To fully enact these historic remedial education reforms, trustees must make policy and budget decisions that create adequate capacity for college leadership, faculty and staff to implement. For example, Riverside Community College District’s board initiated a project to design a new delivery mode for college math instruction that embeds all the support systems into the course in the same manner as the labs in the natural sciences are integrated into the lecture course. Santa Monica Community College District’s board committed to review and examine the current data and trends in introductory transfer-level math courses before and after AB 705 implementation and to research best practices that improve learning and successful course completion in math. Based on results, the board will support the implementation of proven best practices in an effort to decrease racial equity gaps and improve completion in transfer-level math courses for Black and Latinx students.
2) Diversify college leadership so that presidents, trustees, faculty and staff reflect the diversity of students in every community. Research shows that graduation rates for students of color are positively affected by faculty diversity, yet when researchers compared Black and Latinx faculty representation against student enrollment in 2020, some 57% of institutions got Fs for Black faculty diversity. Nearly 80% failed on Latinx faculty diversity. With respect to college leadership, a 2022 report shows that at public colleges and universities, 65% of board members are white and 63% are men, falling short of representing today’s student population.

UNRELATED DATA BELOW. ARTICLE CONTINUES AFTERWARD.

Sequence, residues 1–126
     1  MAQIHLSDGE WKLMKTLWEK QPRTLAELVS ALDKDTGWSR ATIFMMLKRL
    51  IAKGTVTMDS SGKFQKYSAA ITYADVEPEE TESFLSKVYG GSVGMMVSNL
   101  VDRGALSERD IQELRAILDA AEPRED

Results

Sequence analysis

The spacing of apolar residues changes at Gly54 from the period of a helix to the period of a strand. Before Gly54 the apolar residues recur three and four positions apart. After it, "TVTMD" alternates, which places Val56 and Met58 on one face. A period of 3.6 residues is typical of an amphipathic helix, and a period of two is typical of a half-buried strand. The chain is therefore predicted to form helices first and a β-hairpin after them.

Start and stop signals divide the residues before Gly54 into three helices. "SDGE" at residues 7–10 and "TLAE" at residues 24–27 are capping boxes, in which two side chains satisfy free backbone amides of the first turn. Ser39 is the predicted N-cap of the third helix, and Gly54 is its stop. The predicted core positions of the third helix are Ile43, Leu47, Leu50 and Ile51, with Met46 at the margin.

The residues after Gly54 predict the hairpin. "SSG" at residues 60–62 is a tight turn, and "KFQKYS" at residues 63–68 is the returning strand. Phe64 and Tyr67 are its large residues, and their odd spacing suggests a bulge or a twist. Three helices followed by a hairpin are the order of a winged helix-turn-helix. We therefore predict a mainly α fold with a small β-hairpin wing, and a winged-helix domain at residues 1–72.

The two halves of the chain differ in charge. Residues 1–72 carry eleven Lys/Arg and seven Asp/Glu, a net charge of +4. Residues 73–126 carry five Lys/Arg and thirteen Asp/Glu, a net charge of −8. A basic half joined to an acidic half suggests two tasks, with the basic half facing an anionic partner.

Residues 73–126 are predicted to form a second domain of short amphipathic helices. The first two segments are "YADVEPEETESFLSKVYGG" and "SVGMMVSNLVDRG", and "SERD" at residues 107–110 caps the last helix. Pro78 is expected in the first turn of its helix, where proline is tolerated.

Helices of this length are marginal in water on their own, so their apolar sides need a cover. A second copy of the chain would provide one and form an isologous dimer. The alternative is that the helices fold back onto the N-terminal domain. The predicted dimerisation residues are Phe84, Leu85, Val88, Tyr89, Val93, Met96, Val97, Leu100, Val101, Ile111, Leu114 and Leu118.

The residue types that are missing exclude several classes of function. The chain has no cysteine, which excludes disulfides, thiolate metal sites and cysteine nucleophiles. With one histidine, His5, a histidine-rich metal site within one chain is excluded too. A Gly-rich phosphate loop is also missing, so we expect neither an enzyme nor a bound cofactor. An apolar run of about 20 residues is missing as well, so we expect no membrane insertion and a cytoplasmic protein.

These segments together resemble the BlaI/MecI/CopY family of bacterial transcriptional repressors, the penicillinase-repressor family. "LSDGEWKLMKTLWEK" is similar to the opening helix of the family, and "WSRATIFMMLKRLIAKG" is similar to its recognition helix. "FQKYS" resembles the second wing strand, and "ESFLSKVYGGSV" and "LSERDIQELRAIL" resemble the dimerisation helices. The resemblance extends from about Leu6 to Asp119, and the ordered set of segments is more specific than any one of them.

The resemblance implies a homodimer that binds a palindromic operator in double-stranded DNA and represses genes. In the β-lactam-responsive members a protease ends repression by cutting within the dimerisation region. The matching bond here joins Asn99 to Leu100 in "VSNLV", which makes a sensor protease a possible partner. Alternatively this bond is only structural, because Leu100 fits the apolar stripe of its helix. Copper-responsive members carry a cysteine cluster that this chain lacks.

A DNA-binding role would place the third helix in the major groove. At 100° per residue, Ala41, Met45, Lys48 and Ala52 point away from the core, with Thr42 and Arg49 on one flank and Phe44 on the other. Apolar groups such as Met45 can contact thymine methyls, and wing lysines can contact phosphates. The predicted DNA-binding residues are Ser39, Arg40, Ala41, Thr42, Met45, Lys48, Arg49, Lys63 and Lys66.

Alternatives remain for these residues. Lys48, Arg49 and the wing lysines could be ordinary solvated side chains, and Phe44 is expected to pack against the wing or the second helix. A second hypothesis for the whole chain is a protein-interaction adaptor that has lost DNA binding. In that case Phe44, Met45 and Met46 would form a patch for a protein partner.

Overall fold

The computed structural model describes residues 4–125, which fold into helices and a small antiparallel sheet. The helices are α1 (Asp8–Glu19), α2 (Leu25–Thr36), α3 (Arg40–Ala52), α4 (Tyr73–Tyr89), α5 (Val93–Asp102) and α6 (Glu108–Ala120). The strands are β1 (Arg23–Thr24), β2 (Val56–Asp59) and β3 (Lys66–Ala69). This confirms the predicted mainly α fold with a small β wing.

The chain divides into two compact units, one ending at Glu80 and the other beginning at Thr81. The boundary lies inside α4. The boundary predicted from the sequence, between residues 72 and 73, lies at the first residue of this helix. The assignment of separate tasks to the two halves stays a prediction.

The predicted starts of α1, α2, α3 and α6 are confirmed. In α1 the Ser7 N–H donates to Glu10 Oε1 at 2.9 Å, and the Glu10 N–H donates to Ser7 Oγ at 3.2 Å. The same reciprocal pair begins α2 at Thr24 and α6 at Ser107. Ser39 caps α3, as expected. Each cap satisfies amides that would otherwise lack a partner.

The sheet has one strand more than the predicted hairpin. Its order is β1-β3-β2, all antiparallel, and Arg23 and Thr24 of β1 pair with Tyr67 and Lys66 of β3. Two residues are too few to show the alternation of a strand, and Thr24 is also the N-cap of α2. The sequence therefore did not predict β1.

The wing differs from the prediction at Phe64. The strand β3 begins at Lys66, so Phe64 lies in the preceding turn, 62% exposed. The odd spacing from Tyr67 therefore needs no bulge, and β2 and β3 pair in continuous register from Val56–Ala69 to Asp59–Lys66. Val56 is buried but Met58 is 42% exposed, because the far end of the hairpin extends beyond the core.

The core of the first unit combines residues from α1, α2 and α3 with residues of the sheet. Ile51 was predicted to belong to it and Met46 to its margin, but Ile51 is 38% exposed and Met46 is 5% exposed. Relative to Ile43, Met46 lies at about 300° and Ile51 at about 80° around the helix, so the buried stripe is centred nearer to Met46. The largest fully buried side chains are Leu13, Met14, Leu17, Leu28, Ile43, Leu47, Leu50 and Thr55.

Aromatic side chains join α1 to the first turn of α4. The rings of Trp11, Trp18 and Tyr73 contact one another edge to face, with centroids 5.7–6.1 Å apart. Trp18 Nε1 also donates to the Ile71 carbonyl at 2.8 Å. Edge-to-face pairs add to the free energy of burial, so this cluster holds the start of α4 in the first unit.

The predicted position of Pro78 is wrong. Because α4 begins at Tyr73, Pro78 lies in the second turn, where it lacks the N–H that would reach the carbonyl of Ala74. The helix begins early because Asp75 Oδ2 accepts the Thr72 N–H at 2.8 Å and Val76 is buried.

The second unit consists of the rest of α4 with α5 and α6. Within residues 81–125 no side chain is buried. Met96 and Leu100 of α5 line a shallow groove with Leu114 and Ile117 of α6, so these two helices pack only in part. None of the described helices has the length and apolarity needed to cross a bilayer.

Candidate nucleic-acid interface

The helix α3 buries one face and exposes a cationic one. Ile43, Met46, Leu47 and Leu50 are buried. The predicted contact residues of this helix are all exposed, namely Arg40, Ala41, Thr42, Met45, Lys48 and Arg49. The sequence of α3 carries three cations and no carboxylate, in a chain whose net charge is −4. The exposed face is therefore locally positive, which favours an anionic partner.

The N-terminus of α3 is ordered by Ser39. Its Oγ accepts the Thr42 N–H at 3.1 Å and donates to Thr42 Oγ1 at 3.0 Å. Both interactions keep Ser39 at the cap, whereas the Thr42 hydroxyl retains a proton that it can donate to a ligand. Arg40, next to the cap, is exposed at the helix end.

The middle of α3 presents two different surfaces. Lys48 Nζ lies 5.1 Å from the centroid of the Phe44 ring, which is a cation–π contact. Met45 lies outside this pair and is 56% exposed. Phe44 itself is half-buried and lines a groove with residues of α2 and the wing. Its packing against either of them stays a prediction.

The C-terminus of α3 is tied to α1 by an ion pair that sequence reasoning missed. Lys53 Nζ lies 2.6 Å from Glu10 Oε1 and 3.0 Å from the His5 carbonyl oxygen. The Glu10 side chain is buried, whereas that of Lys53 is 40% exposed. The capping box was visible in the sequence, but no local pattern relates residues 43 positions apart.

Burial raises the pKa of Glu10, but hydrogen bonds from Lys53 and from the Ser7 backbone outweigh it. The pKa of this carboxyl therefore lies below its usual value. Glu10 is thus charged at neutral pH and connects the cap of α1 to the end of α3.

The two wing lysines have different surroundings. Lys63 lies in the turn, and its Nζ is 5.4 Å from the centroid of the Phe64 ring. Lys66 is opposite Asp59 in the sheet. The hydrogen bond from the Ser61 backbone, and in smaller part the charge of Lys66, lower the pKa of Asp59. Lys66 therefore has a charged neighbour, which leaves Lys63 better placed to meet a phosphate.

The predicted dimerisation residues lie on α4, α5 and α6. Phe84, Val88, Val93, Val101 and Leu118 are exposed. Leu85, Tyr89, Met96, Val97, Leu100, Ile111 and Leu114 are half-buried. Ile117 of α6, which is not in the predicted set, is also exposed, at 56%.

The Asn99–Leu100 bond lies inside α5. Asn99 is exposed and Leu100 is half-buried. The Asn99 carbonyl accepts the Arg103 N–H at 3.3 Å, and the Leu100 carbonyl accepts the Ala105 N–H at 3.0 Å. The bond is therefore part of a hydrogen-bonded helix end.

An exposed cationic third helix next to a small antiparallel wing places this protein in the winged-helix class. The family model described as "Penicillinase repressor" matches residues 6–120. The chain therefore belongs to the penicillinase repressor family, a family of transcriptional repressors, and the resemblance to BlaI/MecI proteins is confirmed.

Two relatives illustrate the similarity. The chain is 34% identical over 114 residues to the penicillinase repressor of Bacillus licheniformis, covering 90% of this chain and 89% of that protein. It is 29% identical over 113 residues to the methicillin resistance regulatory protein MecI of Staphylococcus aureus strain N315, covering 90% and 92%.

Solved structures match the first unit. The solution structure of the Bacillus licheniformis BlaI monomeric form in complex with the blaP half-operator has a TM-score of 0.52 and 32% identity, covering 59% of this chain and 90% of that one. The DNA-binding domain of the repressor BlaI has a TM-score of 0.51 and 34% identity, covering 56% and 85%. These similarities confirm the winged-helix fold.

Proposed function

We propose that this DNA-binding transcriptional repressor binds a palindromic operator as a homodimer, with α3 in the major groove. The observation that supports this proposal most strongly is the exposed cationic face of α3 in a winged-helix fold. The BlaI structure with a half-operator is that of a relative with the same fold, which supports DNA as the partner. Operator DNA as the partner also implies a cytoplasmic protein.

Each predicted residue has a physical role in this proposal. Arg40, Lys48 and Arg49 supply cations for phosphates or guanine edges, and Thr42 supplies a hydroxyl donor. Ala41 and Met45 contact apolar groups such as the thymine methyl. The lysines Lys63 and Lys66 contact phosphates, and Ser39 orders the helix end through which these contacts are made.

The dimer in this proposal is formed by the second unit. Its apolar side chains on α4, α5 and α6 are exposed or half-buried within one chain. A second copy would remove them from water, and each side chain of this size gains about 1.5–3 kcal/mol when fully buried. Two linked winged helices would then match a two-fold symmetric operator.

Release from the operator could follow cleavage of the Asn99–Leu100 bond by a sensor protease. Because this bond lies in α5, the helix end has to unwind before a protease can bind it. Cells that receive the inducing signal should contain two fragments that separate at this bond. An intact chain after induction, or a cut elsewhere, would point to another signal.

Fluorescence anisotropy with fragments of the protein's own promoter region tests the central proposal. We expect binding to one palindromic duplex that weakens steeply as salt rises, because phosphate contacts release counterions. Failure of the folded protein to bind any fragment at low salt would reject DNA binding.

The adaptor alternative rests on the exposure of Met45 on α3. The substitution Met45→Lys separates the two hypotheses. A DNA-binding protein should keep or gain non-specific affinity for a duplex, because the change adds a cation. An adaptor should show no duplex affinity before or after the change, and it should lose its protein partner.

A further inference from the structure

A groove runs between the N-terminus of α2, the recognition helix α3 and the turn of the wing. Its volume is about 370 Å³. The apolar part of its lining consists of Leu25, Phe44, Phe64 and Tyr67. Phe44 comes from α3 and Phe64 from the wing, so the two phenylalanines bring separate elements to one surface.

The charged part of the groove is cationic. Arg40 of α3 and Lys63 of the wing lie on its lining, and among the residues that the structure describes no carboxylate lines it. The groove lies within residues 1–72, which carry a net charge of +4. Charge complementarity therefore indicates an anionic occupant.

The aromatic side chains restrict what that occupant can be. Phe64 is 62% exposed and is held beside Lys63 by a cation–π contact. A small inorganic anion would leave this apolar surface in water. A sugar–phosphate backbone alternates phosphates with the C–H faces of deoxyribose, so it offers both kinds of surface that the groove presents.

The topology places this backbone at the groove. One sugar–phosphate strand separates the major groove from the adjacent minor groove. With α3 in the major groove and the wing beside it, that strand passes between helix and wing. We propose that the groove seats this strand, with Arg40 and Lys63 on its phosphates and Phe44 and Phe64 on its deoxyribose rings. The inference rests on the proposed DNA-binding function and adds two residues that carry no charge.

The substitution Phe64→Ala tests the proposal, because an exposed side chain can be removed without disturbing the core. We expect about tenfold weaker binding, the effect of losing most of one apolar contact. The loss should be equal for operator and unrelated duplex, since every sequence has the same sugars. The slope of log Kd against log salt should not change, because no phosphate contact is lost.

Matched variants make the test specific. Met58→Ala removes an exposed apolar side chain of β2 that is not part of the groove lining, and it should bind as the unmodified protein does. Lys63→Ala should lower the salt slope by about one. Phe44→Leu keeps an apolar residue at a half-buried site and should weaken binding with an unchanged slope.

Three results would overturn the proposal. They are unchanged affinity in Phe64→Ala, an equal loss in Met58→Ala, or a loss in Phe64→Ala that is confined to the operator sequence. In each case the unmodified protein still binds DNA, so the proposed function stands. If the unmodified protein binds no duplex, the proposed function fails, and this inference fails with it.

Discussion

To address this in California, a Diversity, Equity, Inclusion, and Accessibility (DEIA) strategic plan is guiding actions such as embedding a DEIA component in employee evaluations and faculty tenure reviews, championed by the system’s Board of Governors. Boards play a significant role in upholding the commitment to DEIA.
Compton Community College District’s board, for example, developed an action plan to implement a board resolution that codifies their commitment to faculty and staff diversity from the top down. Community college boards across the nation can follow their lead and take several actions to express support for DEIA action plans, such as making a public commitment to a reform strategy during a regular board meeting, including DEIA items in work sessions and retreats, scheduling frequent progress check-ins, and building metrics into chancellor or president evaluations.
To measure progress and hold presidents accountable for the achievement of goals, especially in these two suggested areas, trustees must encourage the capturing and monitoring of data that matters. The Aspen Institute College Excellence Program suggests that boards select up to 10 leading and lagging indicators to monitor regularly, aligned to goals for student outcomes. Budget decisions and presidential evaluations should also be clearly aligned to these goals to ensure all efforts are centered on the North Star of high and equitable levels of student success.
The community college board is arguably one of the most important drivers to help make good on our promises to students. As leaders, trustees have an opportunity to impact real, momentous change by improving access and completion for historically marginalized students through evidence-based practices like remedial education reform and a commitment to DEIA in leadership.
This article was originally published in CC Daily.